EM malaise poised to linger longer

By Steven Englander

NEW YORK: Emerging-market currencies are in the midst of their fifth major weakening trend since 2011. The origins of the current downturn are broadly similar to the earlier four episodes, which is to say that a combination of rising US Treasury yields, sluggish equity markets and risk aversion are to blame. Whats different now is that these factors may not dissipate as quickly.

The sensitivity of EM currencies to higher rates is striking. Every major upward move in yields since 2011 has triggered currency weakness among countries with large current-account deficits. So unless there is a recession or a serious slump that would reverse the rise in US yields, the pressure is likely to continue.

The 2011 and 2015 episodes were largely confidence events, as they came first with the US government shutdown and then with Chinas surprise decision to devalue the renminbi. Both were accompanied by weakness in equities.

The drop in bond yields reflected pessimism. The 2013 and 2016 episodes were driven purely by higher bond yields. It didnt matter what equities were doing. The current episode is one of sharply rising yields and, at best, a sideways equity market.

What are the takeaways?

The 2000s-era of EM market leadership are gone, even if the sequence of profound 1990s EM currency crises is not quite back. It is not just the frequency of these episodes, but the drivers. The two big emerging market currency sell-offs of the 2000s were driven by global downturns, and emerging led the charge back once recovery began.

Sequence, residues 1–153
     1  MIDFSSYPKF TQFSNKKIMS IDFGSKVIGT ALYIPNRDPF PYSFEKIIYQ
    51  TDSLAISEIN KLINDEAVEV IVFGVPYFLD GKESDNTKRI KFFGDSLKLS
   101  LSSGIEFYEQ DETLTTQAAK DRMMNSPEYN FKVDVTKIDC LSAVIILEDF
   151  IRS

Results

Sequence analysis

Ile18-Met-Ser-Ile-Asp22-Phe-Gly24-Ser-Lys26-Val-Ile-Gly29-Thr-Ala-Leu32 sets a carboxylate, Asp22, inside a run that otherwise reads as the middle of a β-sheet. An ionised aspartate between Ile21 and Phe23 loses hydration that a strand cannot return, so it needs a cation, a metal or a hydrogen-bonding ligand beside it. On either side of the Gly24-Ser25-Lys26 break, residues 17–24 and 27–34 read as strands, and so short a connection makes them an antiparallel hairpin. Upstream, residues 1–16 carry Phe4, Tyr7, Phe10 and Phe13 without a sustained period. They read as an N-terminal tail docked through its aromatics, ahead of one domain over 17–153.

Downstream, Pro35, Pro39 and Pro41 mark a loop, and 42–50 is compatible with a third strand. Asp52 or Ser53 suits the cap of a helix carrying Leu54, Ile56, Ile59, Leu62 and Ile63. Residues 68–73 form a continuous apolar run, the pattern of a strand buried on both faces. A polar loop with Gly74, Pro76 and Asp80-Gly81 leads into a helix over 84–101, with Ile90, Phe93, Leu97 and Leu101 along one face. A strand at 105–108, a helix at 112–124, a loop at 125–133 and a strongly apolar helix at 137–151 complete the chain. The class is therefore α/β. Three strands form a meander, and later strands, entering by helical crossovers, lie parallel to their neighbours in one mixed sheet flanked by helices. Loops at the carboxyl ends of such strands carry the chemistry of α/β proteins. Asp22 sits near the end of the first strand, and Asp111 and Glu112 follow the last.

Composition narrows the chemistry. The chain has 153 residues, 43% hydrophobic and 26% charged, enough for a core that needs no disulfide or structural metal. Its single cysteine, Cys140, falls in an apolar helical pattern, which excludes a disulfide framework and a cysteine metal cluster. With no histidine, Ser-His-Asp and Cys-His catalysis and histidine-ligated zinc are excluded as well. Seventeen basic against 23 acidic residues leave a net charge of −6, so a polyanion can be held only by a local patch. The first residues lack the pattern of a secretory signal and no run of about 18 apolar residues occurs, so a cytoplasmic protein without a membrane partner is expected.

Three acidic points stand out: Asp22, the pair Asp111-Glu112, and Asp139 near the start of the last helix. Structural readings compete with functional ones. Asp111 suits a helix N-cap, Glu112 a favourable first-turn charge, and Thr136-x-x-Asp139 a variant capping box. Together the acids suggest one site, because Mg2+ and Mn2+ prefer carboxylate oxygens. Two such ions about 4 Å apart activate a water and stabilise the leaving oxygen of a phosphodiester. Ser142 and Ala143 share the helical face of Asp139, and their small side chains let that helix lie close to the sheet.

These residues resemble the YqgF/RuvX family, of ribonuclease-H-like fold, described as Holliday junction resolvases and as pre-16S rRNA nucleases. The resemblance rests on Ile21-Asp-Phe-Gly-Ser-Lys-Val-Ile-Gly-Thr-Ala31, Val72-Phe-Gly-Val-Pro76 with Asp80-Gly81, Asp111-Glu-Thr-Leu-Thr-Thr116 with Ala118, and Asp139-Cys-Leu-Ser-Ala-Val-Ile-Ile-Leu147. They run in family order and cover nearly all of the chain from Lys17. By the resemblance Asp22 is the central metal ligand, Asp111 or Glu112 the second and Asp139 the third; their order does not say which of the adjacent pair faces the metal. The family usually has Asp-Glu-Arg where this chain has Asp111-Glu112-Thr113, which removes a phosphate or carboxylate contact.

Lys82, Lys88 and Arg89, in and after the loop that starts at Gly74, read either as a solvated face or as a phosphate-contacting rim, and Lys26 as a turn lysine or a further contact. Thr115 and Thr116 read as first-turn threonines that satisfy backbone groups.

The EM downturns of the last couple of years were driven by the normal ups and downs and random shocks. These come more frequently than global downturns, and the recoveries among current-account deficit EM currencies are shallow. There are two sets of EM currencies. The high current-account deficit countries lose ground when there is stress and rarely recover when stability is restored.

They fall versus the euro as well as the dollar. On a carry-adjusted basis, these currencies have weakened since 2011.

Currencies of current-account surplus countries have typically declined modestly against the dollar, and often recover those losses when conditions stabilise. The currencies are very stable over time versus the euro. When we talk of crisis, we are dealing with an important but limited set of countries.

Original Article

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